Any political speech that begins with “I am a jerk” clearly deserves a full hearing.
Bob Newland spoke to the South Dakota Libertarian Party convention last month in Rapid City. After declaring himself a jerk, Newland expanded from personal to political self-assessment:
I’ve lived a life of dissolution*, dissipation, and irresponsibility…. Much of what I’ve done I’m not particularly proud of, but my devotion to liberty and justice is at the basis of everything I’ve done. I am for liberty. I am for justice, and I am for what works. I didn’t place those issues in any particular order; let’s just say that I think that what works generally incorporates liberty and justice [Bob Newland, speech to Libertarian Party of South Dakota, Rapid City, South Dakota, 2019.06.15].
Interestingly, Newland says (around 10:00) the Democrats and Republicans adopted the policies of the Socialist Party until the Socialist Party had nothing left to run on. Republicans and Democrats both contradict their own principles for the sake of political expediency, but the Libertarian Party, while faintly influential in getting the Legislature to recognize that hemp belongs in the free market, is “weak, spread out, and broke.” Newland concludes that any South Dakotan with both principles and a desire to hold public office faces “dismal choices” for party affiliation.
Around 13:20, Newland gets practical. He says the abolition of taxes is unlikely and suggests Libertarians might do better to slow down the increase in the kinds and rates of taxes. However:
I’m not even opposed to all taxes. I am, though, apprehensive over the looming problem of infrastructure disintegration. Roads and bridges are failing and becoming more and more expensive to maintain. Nationwide as well as in South Dakota, the enormity of the pile of cash needed to restore them to good condition and keep them there is daunting. What’s the Libertarian solution? I don’t know [Newland, 2019.06.15].
Newland here poses a problem to his eager successors in Libertarian activism: it’s all good fun to shout easy slogans like “taxation is theft!”, but if Libertarians are serious about winning elections and making (or unmaking) policy, they need to square that simplistic absolutism with the complicated and costly business of knitting together a nation with functional roads.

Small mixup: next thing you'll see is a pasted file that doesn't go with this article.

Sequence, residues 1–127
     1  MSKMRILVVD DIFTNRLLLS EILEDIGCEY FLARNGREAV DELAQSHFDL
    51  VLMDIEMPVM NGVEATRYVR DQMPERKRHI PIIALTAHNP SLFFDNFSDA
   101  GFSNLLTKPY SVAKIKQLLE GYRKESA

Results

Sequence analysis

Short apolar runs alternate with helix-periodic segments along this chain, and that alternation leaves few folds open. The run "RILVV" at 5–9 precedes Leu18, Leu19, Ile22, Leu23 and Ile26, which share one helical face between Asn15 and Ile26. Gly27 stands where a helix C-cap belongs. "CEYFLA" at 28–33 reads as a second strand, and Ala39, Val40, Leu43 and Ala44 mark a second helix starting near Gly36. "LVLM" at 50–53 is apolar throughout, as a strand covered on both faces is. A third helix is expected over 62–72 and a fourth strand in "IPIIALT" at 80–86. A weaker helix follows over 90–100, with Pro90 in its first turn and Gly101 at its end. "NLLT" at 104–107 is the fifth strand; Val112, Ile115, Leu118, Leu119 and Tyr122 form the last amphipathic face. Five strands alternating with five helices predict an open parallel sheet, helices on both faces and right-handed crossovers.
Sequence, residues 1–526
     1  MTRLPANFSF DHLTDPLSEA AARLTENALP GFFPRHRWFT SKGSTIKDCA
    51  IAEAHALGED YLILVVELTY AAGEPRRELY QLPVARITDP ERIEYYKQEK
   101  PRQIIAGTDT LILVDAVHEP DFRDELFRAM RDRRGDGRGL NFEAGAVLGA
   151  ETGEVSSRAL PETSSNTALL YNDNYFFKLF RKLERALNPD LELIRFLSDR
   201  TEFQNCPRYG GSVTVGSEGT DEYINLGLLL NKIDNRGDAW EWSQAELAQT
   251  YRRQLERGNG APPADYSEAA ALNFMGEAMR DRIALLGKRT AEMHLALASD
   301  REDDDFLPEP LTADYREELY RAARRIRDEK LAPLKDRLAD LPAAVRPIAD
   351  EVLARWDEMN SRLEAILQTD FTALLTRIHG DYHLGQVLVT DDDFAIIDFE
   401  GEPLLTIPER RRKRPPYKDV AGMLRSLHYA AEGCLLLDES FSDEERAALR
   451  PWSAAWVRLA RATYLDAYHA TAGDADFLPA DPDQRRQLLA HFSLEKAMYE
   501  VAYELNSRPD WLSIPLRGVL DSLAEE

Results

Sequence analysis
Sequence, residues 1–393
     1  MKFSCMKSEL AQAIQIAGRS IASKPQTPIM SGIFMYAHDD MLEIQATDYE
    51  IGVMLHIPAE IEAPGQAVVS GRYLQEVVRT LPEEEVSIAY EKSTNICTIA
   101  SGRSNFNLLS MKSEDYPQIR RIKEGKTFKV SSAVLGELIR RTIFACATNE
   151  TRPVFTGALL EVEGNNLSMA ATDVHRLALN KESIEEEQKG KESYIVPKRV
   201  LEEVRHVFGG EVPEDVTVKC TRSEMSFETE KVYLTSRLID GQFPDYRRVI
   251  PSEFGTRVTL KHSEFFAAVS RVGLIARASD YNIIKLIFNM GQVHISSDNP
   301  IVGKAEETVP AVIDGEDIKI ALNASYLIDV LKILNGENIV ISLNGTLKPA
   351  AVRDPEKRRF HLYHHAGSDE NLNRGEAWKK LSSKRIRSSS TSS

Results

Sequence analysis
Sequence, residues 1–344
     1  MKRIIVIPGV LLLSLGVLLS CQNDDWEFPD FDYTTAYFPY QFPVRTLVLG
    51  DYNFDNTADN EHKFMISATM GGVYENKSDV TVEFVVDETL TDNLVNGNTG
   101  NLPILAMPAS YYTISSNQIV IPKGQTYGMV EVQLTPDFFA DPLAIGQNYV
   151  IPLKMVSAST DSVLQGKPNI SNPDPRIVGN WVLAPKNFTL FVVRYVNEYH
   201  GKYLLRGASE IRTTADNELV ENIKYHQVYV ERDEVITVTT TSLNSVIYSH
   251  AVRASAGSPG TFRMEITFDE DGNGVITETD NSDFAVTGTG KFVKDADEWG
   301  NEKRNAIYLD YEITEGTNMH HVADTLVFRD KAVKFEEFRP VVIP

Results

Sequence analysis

At 14:20, Newland turns his attention to “the most insidious threat to South Dakota government that I have seen in my life,” the effort of “squinchy-eyed evangelicals” to enact “their version of God’s will” to “effectively end the initiative process in South Dakota, the first state to allow citizens to enact laws that the Legislature won’t.” He reminds the Libertarians that they have an interest in reversing several laws that restrict “our ability to voice our dissatisfaction” with the Legislature’s “authoritarianism.” He encourages Libertarians to sign the People Power Petition (which he is circulating!).
I have to admit: while the People Power Initiative I’m promoting is a completely non-partisan measure, Newland gets me thinking that the People Power Initiative is at heart a Libertarian proposal. It repeals regulations and paperwork. It shortens government delays. The only new provisions it writes into statute give citizens more opportunities, not less. The People Power Initiative tells big government to step aside and gives regular citizens more room to captain their political destinies. Libertarians, if you want to put your principles into practice, take Newland’s advice and sign and circulate this initiative petition.
Newland concludes his speech by thanking the new generation of Libertarian activists for “devoting time and money to fight the South Dakota Taliban.” That unkind assessment of the powers that be in South Dakota probably makes some people think Newland is a jerk. I prefer to think of Newland as honest.
Newland says he has no desire to run for public office, and his June speech to the Libertarians supports the hypothesis that there is an inverse relationship between a speaker’s desire for power and the honesty of his speech.
*Correction 2019.07.23 12:48 CDT: As noted below, I misheard Newland’s “dissolution” as “disillusion.” The former, a lack of moral restraint and an indulgence of sensual pleasures, may characterize significant portions of Newland’s life, but the latter, dissatisfaction and disenchantment, suffuses and motivates much of Newland’s political activity.